Philosophy and Tasawwuf
Jalāl ad-Dīn Muhammad Balkhī (Persian: جلالالدین محمد بلخى), also known as Jalāl ad-Dīn Muhammad Rūmī. His major contribution lies in Islamic philosophy and Tasawwuf. This was embodied largely in poetry, especially through his famous Mathnawi. This book, the largest mystical exposition in verse, discusses and offers solutions to many complicated problems in metaphysics, religion, ethics, mysticism, etc. Fundamentally, the Mathnawi highlights the various hidden aspects of Sufism and their relationship with the worldly life. For this, Rumi draws on a variety of subjects and derives numerous examples from everyday life. His main subject is the relationship between man and God on the one hand, and between man and man, on the other. He apparently believed in Pantheism and portrayed the various stages of man’s evolution in his journey towards the Ultimate.
Apart from the Mathnaui, he also wrote his Diwan (collection of poems) and Fihi-Ma-Fih (a collection of mystical sayings). However, it is the Mathnawi itself that has largely transmitted Rumi’s message. Soon after its completion, other scholars started writing detailed commentaries on it, in order to interpret its rich propositions on Tasawwuf, Metaphysics and Ethics. Several commentaries in different languages have been written since then.
His impact on philosophy, literature, mysticism and culture, has been so deep throughout Central Asia and most Islamic countries that almost all religious scholars, mystics, philosophers, sociologists and others have referred to his verses during all these centuries since his death. Most difficult problems in these areas seem to get simplified in the light of his references. His message seems to have inspired most of the intellectuals in Central Asia and adjoining areas since his time, and scholars like Iqbal have further developed Rumi’s concepts. The Mathnawi became known as the interpretation of the Qur’an in the Pahlavi language. He is one of the few intellectuals and mystics whose views have so profoundly affected the world-view in its higher perspective in large parts of the Islamic World.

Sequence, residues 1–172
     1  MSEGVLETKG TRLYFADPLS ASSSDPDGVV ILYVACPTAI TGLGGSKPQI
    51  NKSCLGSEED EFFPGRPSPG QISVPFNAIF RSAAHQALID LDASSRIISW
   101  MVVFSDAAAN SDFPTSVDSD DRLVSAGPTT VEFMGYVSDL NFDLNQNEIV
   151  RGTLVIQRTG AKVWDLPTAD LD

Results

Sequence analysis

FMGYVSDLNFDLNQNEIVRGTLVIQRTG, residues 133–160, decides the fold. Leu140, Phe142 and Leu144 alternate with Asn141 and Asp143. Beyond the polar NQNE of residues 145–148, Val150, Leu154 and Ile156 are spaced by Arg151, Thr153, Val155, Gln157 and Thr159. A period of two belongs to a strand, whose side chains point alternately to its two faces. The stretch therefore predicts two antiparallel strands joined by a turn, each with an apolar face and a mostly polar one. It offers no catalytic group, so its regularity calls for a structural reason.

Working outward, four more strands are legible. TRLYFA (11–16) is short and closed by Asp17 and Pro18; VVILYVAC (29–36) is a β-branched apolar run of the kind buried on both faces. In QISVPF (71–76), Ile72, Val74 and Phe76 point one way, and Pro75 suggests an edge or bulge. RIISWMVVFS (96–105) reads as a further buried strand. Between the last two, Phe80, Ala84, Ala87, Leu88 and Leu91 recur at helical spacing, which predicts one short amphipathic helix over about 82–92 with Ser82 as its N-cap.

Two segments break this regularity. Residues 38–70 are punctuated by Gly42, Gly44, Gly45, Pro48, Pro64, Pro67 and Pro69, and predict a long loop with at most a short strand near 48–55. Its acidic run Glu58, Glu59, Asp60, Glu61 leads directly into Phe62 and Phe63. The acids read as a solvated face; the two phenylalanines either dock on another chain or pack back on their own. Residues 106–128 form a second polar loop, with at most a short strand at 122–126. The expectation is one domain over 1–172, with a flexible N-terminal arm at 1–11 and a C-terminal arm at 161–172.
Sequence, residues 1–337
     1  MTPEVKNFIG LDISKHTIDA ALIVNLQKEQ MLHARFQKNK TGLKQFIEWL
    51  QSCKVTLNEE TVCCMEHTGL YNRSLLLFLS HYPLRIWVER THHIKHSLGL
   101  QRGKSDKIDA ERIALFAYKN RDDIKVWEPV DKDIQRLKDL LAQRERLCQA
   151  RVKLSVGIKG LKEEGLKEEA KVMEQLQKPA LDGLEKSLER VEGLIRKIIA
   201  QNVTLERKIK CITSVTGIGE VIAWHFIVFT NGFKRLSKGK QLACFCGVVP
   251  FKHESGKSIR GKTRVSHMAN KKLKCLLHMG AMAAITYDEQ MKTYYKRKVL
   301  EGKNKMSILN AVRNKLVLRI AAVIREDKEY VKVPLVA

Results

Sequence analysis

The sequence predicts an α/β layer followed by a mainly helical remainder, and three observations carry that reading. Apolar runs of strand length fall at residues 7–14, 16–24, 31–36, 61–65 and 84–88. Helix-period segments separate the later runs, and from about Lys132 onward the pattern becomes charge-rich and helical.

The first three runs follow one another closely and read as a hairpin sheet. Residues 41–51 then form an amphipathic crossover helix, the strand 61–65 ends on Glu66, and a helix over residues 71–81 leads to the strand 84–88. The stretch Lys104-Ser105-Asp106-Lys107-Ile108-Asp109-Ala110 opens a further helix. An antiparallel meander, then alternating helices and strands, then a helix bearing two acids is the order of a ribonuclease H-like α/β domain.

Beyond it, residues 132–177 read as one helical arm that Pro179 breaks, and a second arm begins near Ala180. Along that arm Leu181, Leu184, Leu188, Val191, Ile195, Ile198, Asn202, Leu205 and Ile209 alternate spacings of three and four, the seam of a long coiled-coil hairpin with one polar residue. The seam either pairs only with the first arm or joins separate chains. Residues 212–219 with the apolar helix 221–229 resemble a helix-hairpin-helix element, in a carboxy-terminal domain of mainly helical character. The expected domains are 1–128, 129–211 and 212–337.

Sum of the Rumi Bibliography
Abdulla Raficq. Words of Paradise: Selected Poems by Rumi. New Interpretation, Viking Pr, 2000.
Aflaki, Shams al-Din Ahmad. Legends of the Sufi: Selected Anecdotes from the Work Entitled The Acts of the Adepts (Menaqiba ‘I arifln). London: Theosophical Publishing House, 1976.
h The Hundred Tales of Wisdom: Life, Teachings and Miracles of Jalaluddin Rumi from Aflaki’s Munaqib, Together with Certain Important Stories from Rumi’s Works Traditionally Known as The Hunred Tales of Wisdom. London: Octagon Press, 1978.
h The Whirling Ecstacy, Prophecy Pub. California, 1983
Ali, Mohamed. The Life and Thought of Mohammad Jalaluddin Rumi. Lahore, Pakistan: Bazm-i-Iqbal, n.d.